Friday, 2 October 2015

Friday, October 2

Google Tips - Optical Character Recognition, Read&Write

One of the really powerful tools in our Google Drive is something called Optical Character Recognition (OCR). This capability enables users to turn PDFs into editable Google Docs. In many cases, you wouldn't need to edit the PDF. However, if you had a student who needed some support with reading, this could be an interesting way to make information accessible to them. When you combine Google Drive OCR with Read&Write for Google, you have a powerful accessibility tool. For example, let's say you have a student in one of your classes who struggles with reading. You can scan a PDF copy of the text you want them to read, open it as a Google Doc, and then have them use Read&Write for Google (which all of our students now have access to) to ensure the student can access the information. Watch the clip below to see what I mean (Read&Write for Google sounds much better in person).

A Gathering Place Part 2

As I wrote last week, many of you requested that we develop a space for curating and housing examples of lesson plans, assignments, activities, and student work. I suggested we use this blog as a way to store these items. However, it was suggested to me that we utilize Google Drive to achieve this outcome. I agree and think that would be a much better way to store these pieces of information. As such, I have created a shared space for us all: This link will bring you to a folder titled "Grasslands Teaching and Learning." In this folder, there are subfolders for K-3, 4-6, 7-9, and 10-12. In each of those folders, I have created "Lesson Plan, Activities" and "Examples of Student Work" folders. 

The material you share here does not need to include technology or Google Apps for Education; that is not the purpose. The purpose is to provide a space where you can share resources with your colleagues. The resources could be lessons that you like, assignments that you thought went well, or activities that you would like to share. You can share hard copies of lessons or videos of you working with your students on the lessons. For the student work section, you can share pieces of student work that you and your students are very proud of. One thing to note, however, if you do plan on sharing student work, be sure that you have their permission to do so prior to posting in in the folder. In addition, it is a good idea to remove the student's name from the work. I always appreciated seeing examples of my colleagues' lessons and the work our students were doing.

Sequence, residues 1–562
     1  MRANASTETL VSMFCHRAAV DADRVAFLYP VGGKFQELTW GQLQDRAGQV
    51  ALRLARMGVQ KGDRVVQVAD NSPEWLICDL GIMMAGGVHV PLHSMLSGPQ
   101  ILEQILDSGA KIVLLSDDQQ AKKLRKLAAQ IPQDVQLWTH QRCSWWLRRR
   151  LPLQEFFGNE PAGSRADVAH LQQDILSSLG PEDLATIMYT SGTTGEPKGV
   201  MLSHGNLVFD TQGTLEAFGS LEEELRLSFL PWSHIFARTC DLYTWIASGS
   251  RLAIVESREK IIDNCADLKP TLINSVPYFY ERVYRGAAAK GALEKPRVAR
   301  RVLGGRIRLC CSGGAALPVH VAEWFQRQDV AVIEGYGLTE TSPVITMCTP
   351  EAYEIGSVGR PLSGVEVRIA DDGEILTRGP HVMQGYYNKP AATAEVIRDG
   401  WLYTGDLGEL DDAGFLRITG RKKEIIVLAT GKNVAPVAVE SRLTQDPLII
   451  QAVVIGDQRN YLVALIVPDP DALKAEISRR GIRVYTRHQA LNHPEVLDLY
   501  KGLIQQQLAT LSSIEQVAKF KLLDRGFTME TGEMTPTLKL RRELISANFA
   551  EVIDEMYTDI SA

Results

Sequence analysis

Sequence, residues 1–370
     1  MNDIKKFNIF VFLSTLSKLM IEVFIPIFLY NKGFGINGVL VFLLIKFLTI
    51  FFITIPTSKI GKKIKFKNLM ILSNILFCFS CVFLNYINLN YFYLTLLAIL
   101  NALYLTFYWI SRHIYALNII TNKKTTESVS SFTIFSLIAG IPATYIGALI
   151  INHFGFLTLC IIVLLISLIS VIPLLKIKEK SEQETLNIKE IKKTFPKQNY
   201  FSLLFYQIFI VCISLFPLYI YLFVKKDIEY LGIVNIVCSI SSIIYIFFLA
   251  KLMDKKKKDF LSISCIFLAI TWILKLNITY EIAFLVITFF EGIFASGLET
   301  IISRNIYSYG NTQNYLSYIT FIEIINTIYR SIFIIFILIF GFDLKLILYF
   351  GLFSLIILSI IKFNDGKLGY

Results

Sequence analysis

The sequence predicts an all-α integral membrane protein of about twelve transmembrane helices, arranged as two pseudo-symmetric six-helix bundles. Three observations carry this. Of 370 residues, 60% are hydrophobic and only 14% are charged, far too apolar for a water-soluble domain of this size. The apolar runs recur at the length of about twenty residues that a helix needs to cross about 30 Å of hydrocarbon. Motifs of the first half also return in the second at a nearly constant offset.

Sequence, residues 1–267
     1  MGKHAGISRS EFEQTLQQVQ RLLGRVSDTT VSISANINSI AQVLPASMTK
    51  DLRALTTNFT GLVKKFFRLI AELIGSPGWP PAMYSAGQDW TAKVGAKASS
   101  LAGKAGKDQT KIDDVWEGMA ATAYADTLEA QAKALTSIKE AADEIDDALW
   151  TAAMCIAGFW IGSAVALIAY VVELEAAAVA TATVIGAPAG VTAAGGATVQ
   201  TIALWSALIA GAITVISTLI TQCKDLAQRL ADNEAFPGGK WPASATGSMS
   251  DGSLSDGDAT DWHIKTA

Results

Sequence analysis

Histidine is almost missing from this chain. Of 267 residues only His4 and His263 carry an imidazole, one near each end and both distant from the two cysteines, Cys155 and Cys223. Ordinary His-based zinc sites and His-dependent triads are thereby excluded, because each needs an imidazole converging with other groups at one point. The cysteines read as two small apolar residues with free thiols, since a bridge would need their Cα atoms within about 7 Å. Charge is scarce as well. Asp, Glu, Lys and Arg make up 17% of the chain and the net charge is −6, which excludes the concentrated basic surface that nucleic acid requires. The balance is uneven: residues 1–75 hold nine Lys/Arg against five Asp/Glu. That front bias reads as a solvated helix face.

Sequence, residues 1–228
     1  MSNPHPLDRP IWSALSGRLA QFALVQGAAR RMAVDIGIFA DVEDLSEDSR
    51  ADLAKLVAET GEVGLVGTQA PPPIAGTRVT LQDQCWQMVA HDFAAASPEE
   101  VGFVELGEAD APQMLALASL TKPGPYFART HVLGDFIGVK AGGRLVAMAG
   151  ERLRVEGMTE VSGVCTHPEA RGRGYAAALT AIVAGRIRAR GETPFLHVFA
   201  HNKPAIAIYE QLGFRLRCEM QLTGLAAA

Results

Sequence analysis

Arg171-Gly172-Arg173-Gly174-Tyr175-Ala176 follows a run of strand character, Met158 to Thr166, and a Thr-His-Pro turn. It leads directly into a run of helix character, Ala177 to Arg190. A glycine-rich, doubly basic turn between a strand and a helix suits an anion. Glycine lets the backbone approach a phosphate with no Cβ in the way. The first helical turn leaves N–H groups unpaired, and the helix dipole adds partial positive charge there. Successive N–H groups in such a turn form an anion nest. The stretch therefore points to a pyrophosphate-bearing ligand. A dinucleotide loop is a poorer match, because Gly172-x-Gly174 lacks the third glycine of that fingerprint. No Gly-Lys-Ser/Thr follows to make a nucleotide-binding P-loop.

I hope this space is helpful and that we begin to create a repository of all the amazing things that are going on in the district. I have the privilege of travelling to schools and working with so many teachers and students. I get to see the really great things you are all doing. It would be awesome if you would share that with all of your colleagues! 

Education for All Success for Each - Multiple Means of Representation

In looking at the idea of success for each of our students, I thought it would be beneficial to write a little bit about multiple means of representation. This is an idea that really keys in on finding ways for all of our students to demonstrate their understanding of topics we cover in class. As we move more and more toward outcomes based assessment, this is a powerful way to ensure we know where are students are in mastering outcomes. 

Multiple means of representation simply refers to the idea that we provide our students with different ways to demonstrate their understanding of the topics we cover in our classrooms. They could do so through posters, creation of websites, videos, verbally or through written text. When I taught full time, I always had specific tasks that were non-negotiable - students had to complete them the way they were outlined. This was specifically important for my Social Studies 30-1 students and their written work as it was required of them on their Diploma Exam. However, for many of my other assigned tasks, I gave students the choice of how they wanted to complete them. Of course, this did mean I needed to do a bit more work in creating rubrics. But, once I had the rubrics for a specific outcome, it didn't really matter how the students demonstrated their understanding because they were graded using a rubric for the outcome not for a specific task. 

Providing our students with multiple ways to demonstrate their understanding ensures we get a true sense of where our students are at and whether we need to provide them with support with the outcomes. 

No comments:

Post a Comment